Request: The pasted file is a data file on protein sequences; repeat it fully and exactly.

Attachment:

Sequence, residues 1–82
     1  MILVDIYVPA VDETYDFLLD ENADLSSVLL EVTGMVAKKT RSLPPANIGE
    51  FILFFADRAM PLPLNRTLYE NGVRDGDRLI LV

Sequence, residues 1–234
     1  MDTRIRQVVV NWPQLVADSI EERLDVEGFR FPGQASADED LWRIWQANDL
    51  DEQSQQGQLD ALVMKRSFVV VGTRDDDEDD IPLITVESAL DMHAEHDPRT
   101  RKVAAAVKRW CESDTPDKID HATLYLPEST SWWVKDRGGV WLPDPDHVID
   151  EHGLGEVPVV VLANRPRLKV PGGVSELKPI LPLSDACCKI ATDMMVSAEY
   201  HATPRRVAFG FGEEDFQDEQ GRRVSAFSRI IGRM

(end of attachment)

Sequence, residues 1–82
     1  MILVDIYVPA VDETYDFLLD ENADLSSVLL EVTGMVAKKT RSLPPANIGE
    51  FILFFADRAM PLPLNRTLYE NGVRDGDRLI LV

Sequence, residues 1–234
     1  MDTRIRQVVV NWPQLVADSI EERLDVEGFR FPGQASADED LWRIWQANDL
    51  DEQSQQGQLD ALVMKRSFVV VGTRDDDEDD IPLITVESAL DMHAEHDPRT
   101  RKVAAAVKRW CESDTPDKID HATLYLPEST SWWVKDRGGV WLPDPDHVID
   151  EHGLGEVPVV VLANRPRLKV PGGVSELKPI LPLSDACCKI ATDMMVSAEY
   201  HATPRRVAFG FGEEDFQDEQ GRRVSAFSRI IGRM